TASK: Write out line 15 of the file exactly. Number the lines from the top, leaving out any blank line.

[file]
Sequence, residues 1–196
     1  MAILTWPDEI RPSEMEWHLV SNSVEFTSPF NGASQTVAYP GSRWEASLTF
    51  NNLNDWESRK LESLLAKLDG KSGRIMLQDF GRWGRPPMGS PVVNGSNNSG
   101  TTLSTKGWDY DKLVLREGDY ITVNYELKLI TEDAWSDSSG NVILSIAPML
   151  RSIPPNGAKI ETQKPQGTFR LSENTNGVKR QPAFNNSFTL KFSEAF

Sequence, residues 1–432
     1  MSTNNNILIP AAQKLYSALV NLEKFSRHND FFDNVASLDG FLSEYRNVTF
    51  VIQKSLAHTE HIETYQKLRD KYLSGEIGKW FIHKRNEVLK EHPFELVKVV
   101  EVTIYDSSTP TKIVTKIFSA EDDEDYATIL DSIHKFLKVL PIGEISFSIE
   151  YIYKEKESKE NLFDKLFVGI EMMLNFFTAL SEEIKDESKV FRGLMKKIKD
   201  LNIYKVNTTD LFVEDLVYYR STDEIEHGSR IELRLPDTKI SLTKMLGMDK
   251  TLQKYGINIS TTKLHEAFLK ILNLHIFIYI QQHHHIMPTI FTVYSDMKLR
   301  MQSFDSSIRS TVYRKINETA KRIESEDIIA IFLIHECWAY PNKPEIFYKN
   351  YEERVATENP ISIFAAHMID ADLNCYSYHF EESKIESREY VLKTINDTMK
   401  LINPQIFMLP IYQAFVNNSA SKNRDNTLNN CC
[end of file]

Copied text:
   401  LINPQIFMLP IYQAFVNNSA SKNRDNTLNN CC